The Company by JM Varese – Review
By Sandra Callard
Set in London in 1870, The Company purports to be based on a true story from that time. It has a strange, albeit light, Gothic theme without firmly settling in that sub genre.
“The Company” refers to the huge and very successful firm of Braithwaite & Co who make beautiful wallpapers, and the story begins as the popular manager of the company suddenly dies. The Braithwaite family, having lost the father and a brother some years previously, now consists of the mother and her daughter and son, who are all unaware of the intricate runnings of the Company. Without the guidance of their faithful manager, they are unsure of their options, but an attractive and healthy young man, Julian Rivers, is apparently running the company without the knowledge of the family and the records show that the company is thriving under his management. He is accepted by the family who like and appreciate his work and the company is left in his hands, as all is well with the firm.
The character and appearance of the small family are well-drawn, and it is quite easy to see the small but rich family as they move around their home, at peace with their wealth. However, the daughter of the house, the 24-year-old Lucy, becomes suspicious of the new manager, and it soon becomes clear that he is aiming to marry Lucy and take over the business for himself. But Lucy is an intelligent young woman and tries to keep a watch on Rivers, who calls in at the house continually, She persuades the boy who runs messages for Rivers to turn informer for her. She feeds him as he is starving but this seems to lead nowhere. Strangely enough Lucy then asks Rivers why he has a boy following her, which left me wondering why she had done this. I still have no answer.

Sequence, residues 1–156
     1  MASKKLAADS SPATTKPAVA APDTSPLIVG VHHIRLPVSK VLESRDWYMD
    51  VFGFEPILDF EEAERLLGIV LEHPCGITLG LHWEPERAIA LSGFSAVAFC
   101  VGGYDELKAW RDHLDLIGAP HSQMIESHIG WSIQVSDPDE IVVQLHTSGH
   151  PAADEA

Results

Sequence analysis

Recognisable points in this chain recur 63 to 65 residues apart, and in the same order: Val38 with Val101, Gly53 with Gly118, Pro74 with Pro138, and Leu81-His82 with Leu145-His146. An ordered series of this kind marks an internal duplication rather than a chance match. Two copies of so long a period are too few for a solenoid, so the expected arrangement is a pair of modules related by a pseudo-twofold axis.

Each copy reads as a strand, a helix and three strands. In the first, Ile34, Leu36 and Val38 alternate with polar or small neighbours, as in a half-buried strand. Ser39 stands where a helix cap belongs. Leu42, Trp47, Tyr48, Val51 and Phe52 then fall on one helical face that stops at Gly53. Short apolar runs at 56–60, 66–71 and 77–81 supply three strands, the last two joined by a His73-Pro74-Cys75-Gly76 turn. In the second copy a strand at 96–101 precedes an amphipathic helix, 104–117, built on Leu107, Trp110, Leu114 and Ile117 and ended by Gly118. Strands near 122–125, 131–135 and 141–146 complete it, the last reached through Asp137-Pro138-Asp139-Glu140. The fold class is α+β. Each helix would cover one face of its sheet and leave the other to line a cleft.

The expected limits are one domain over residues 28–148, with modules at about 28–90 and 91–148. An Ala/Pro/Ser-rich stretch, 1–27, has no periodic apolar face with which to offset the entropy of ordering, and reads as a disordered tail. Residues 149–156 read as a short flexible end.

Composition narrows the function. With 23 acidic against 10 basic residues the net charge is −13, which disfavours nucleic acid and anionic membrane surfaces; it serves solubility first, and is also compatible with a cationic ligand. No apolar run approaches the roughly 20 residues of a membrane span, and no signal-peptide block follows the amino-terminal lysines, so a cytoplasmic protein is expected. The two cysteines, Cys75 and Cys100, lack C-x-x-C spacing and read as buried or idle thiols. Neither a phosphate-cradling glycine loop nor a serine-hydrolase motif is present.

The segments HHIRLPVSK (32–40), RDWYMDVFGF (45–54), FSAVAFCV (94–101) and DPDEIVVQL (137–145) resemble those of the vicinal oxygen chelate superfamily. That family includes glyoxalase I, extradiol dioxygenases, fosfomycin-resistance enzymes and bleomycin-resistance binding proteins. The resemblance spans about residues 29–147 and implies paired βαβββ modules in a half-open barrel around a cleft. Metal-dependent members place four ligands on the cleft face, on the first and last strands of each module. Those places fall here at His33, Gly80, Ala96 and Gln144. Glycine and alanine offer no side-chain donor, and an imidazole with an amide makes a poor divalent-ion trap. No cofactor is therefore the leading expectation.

The house itself is beautifully decorated but talk is beginning to circulate about people dying at the factory and elsewhere. The second brother of the family, John, becomes ill, and Lucy begins to plan to save her family, haphazard though her plan is. Rivers is apparently normal, though he is presented as a possible mystery man with unspeakable powers. The book contains multiple instances of strange things happening to the family but only Lucy seems to care.
Despite this lengthy plot preamble, there is, disappointingly, little mystery here, and the finale is fairly predictable.
Gothic stories can fall between two stools – enigmatic mystery or creepy thriller – and The Company is somewhere in those areas without ever gripping hold of either. The narrative has plenty of potential but neglects to gear shift on numerous occasions and ultimately leaves the reader a little flat and baffled.
A thriller it is not, and neither is it a mystery, and there are plenty of run-of-the mill books which dignify themselves with the name Gothic, but are not. The Company is not without intrigue, but hope of a riveting read fizzles out somewhere in the midst of its labyrinthine plot.
‘The Company’ by JM Varese is published by Hachette